"Contamination was present on the desk, papers, file folders and pen prior to opening the envelope (contamination was concentrated at the corners of the envelope where it was leaking out)...‚. Potentially contaminated persons are not limited to those in direct contact with the envelope and/or its contents," they wrote.
The results of the Alberta research were presented at four meetings of American, Canadian and British military biodefense experts. The first was on May 31, and the last on Oct. 17 (at the Canadian Embassy in Washington), two days after the Daschle letter was opened.
The findings from the Ottawa experiments were less widely disseminated. The one time they were presented to Americans was in mid-May in Canberra, Australia, at a meeting of civil defense experts.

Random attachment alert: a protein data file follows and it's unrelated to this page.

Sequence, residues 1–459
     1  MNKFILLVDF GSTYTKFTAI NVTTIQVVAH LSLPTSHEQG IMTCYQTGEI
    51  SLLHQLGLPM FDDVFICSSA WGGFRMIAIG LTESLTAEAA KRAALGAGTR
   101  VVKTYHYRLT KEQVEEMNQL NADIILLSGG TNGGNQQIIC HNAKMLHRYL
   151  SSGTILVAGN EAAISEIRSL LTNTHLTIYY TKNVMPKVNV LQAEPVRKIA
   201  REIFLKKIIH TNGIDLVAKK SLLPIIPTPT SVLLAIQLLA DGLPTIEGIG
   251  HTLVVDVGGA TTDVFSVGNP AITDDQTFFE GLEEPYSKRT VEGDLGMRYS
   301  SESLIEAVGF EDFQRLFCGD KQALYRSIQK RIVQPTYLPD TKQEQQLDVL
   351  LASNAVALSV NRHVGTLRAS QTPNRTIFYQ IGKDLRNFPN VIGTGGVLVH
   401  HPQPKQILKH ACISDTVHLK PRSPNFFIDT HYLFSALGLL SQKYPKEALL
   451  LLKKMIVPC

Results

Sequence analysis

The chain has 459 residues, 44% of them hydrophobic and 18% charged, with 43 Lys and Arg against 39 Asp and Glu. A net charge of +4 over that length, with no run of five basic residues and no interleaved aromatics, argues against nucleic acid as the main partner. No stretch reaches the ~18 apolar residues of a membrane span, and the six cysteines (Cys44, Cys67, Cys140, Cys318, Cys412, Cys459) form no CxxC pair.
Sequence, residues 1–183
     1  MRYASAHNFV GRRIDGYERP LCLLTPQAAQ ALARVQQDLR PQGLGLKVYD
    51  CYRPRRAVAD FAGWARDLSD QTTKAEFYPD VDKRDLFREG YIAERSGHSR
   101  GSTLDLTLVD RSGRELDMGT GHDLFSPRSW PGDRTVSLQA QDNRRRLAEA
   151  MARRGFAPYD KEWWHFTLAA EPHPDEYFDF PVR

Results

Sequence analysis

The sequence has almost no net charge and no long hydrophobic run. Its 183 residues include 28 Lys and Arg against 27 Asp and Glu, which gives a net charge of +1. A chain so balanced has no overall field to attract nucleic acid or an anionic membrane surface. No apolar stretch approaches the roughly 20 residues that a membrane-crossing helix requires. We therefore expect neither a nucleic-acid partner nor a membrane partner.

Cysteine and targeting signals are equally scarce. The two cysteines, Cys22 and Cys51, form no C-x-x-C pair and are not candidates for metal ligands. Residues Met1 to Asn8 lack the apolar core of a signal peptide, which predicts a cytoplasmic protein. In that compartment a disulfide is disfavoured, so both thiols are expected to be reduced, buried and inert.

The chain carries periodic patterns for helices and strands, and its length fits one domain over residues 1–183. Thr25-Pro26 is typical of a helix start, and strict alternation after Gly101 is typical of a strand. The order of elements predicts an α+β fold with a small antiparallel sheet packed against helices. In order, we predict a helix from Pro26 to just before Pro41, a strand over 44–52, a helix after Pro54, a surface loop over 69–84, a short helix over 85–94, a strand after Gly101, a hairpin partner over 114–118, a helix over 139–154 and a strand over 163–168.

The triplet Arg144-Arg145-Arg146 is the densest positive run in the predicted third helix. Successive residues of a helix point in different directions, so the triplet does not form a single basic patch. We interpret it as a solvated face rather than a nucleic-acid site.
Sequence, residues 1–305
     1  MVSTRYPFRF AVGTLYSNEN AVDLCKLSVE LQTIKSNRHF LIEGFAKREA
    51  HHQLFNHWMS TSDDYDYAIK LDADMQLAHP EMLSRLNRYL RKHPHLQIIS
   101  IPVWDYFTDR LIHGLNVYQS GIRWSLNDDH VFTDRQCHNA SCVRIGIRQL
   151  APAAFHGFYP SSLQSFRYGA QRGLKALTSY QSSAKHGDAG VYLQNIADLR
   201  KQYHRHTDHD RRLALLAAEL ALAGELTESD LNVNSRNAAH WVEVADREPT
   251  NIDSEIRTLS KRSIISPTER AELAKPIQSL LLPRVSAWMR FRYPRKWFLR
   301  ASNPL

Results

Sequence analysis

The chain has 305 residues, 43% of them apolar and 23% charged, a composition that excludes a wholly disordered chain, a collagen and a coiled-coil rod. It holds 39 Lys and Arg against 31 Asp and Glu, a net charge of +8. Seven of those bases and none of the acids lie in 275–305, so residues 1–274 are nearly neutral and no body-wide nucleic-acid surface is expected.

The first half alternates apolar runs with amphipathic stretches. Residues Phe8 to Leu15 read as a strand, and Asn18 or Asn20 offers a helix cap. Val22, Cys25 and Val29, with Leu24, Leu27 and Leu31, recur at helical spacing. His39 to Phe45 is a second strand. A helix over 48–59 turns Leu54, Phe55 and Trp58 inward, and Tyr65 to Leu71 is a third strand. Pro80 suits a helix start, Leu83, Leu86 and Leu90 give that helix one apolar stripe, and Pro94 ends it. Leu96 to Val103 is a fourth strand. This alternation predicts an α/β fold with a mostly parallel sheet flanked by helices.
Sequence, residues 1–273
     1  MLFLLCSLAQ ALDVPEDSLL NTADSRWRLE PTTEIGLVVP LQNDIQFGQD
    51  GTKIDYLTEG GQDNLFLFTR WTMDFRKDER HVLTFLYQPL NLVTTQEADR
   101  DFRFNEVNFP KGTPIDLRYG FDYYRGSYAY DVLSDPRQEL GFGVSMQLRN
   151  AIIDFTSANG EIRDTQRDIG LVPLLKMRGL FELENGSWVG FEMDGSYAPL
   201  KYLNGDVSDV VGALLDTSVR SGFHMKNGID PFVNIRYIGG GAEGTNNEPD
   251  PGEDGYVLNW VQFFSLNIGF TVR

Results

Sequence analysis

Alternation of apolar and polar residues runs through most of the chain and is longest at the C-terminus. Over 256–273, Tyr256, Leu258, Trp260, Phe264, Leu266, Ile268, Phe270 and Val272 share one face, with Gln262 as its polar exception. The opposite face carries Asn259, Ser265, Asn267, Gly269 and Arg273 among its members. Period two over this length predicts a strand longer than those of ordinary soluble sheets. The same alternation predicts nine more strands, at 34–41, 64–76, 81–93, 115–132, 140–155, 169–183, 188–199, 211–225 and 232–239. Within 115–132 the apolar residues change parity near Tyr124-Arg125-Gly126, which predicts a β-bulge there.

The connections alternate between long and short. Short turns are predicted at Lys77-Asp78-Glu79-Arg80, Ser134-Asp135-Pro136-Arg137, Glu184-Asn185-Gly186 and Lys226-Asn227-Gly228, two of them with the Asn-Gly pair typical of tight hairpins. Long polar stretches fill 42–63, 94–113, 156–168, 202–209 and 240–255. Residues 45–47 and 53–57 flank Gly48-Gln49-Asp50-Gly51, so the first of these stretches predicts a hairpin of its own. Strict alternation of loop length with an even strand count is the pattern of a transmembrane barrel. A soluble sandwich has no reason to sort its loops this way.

Representatives from the Federal Emergency Management Agency and two branches of the military were at that meeting. The FEMA employee, upon returning, shared the Ottawa study (and about 30 other reports presented at the meeting) with contacts in the Public Health Service and Environmental Protection Agency. Immediately after the Daschle letter arrived, the State Department's counterterrorism office -- which had sponsored the American delegation to the Canberra meeting -- passed the information on to the FBI, Secret Service and U.S. Capitol Police.